Neuronal activity in the primary somatosensory thalamocortical loop is modulated by reward contingency during tactile discrimination.
Delayed-response sensory discrimination is believed to require primary sensory thalamus and cortex for early stimulus identification and higher-order forebrain regions for the late association of stimuli with rewarded motor responses. Here we investigate neuronal responses in the rat primary somatosensory cortex (S1) and ventral posterior medial nucleus of the thalamus (VPM) during a tactile discrimination task that requires animals to associate two different tactile stimuli with two corresponding choices of spatial trajectory to be rewarded. To manipulate reward expectation, neuronal activity observed under regular reward contingency (CR) was compared with neuronal activity recorded during freely rewarded (FR) trials, in which animals obtained reward regardless of their choice of spatial trajectory. Across-trial firing rates of S1 and VPM neurons varied according to the reward contingency of the task. Analysis of neuronal ensemble activity by an artificial neural network showed that stimulus-related information in S1 and VPM increased from stimulus sampling to reward delivery in CR trials but decreased to chance levels when animals performed FR trials, when stimulus discrimination was irrelevant for task execution. Neuronal ensemble activity in VPM was only correlated with task performance during stimulus presentation. In contrast, S1 neuronal activity was highly correlated with task performance long after stimulus removal, a relationship that peaked during the 300 ms that preceded reward delivery. Together, our results indicate that neuronal activity in the primary somatosensory thalamocortical loop is strongly modulated by reward contingency.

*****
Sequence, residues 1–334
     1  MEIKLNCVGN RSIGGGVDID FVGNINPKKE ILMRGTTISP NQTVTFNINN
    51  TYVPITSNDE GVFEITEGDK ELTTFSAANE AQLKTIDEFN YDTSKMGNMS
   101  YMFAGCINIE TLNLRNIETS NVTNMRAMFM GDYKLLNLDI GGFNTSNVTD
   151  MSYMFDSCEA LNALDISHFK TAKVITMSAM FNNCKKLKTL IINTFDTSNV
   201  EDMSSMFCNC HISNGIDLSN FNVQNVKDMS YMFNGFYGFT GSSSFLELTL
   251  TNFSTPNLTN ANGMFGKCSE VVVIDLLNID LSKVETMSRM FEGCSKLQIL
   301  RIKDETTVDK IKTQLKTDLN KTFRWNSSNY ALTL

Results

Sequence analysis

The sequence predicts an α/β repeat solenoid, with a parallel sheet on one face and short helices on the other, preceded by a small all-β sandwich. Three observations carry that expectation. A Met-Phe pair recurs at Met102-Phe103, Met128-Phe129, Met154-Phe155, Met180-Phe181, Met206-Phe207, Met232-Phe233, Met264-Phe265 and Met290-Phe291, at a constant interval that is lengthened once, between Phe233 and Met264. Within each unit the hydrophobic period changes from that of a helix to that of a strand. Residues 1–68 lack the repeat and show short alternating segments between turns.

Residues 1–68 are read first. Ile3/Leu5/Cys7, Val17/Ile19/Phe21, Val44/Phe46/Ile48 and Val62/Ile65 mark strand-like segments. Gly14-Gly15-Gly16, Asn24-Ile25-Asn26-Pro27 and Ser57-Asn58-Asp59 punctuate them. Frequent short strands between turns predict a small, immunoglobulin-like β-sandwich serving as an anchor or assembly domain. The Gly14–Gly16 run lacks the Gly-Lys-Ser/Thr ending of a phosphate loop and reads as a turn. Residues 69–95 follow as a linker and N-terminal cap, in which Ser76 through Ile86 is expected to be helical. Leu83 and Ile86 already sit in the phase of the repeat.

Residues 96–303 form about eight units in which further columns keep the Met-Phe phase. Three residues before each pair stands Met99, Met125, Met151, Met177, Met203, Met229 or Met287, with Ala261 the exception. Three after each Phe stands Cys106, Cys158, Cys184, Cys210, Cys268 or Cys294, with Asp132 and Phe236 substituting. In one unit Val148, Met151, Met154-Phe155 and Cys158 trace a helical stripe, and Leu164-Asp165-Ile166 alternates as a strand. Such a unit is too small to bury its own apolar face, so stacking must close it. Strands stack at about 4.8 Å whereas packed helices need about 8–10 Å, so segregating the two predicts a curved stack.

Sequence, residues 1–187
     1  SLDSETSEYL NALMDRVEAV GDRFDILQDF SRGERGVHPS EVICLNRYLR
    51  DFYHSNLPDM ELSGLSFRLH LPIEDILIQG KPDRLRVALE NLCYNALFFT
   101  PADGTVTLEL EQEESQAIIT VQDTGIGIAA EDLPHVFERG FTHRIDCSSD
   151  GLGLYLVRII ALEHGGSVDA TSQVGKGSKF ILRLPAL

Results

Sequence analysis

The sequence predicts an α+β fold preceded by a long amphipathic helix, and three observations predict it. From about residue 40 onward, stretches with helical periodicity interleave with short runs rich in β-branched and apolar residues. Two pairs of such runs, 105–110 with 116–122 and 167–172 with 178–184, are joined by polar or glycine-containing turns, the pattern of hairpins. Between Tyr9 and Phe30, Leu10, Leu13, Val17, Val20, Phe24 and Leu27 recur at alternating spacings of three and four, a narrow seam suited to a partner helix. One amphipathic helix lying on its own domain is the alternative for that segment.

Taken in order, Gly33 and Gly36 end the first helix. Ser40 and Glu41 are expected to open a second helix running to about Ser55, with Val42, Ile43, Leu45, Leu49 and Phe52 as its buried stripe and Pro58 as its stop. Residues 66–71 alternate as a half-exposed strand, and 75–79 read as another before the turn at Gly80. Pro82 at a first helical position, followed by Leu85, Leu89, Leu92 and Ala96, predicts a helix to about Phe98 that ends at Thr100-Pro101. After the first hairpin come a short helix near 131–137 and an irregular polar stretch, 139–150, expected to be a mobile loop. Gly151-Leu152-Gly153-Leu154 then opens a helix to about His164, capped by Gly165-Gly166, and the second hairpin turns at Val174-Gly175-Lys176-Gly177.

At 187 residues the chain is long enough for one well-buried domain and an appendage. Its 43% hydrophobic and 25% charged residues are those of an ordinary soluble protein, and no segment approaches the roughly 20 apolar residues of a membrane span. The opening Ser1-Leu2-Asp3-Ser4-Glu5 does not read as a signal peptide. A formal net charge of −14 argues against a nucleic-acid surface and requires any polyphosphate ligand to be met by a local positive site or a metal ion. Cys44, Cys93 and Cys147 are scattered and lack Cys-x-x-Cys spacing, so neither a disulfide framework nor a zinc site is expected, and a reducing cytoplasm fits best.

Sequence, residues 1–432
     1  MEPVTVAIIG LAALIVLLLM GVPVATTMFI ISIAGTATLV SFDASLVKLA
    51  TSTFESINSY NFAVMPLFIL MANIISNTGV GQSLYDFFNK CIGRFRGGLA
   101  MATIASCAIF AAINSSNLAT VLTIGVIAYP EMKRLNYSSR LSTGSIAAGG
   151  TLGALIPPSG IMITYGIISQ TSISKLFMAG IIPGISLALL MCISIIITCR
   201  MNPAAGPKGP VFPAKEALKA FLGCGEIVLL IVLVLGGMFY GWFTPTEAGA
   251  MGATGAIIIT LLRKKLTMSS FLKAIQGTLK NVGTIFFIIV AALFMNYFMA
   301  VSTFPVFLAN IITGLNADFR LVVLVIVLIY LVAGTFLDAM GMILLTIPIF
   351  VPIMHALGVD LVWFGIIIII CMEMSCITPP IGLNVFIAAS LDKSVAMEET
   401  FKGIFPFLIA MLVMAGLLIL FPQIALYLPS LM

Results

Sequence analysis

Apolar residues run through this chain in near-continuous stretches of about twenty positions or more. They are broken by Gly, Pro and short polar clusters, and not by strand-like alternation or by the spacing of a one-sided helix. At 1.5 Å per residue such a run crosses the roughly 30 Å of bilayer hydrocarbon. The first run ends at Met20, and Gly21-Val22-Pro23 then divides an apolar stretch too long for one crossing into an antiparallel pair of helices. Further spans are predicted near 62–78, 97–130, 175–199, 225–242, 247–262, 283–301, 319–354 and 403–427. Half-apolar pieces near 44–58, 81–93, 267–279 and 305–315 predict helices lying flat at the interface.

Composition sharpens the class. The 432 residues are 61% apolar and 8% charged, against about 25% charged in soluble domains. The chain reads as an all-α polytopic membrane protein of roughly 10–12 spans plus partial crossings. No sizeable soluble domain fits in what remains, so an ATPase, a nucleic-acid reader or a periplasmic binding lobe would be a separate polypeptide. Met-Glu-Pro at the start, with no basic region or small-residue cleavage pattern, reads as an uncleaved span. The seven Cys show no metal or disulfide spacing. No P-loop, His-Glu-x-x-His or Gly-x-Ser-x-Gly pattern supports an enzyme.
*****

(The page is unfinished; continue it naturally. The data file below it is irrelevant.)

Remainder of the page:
Pantoja, J; Ribeiro, S; Wiest, M; Soares, E; Gervasoni, D; Lemos, NAM; Nicolelis, MAL
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